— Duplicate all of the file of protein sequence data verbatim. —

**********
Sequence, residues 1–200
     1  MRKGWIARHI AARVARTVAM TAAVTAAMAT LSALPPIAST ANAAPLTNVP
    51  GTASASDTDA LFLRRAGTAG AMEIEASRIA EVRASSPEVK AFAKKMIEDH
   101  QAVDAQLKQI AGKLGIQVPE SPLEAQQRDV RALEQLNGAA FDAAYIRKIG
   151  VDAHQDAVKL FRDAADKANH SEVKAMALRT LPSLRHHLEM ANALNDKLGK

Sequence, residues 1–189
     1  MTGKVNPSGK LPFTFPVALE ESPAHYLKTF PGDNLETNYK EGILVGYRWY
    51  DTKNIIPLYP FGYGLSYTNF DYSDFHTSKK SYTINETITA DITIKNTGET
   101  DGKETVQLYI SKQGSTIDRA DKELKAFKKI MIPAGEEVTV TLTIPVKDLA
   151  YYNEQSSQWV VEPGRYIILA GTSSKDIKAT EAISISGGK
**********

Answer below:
Sequence, residues 1–200
     1  MRKGWIARHI AARVARTVAM TAAVTAAMAT LSALPPIAST ANAAPLTNVP
    51  GTASASDTDA LFLRRAGTAG AMEIEASRIA EVRASSPEVK AFAKKMIEDH
   101  QAVDAQLKQI AGKLGIQVPE SPLEAQQRDV RALEQLNGAA FDAAYIRKIG
   151  VDAHQDAVKL FRDAADKANH SEVKAMALRT LPSLRHHLEM ANALNDKLGK

Sequence, residues 1–189
     1  MTGKVNPSGK LPFTFPVALE ESPAHYLKTF PGDNLETNYK EGILVGYRWY
    51  DTKNIIPLYP FGYGLSYTNF DYSDFHTSKK SYTINETITA DITIKNTGET
   101  DGKETVQLYI SKQGSTIDRA DKELKAFKKI MIPAGEEVTV TLTIPVKDLA
   151  YYNEQSSQWV VEPGRYIILA GTSSKDIKAT EAISISGGK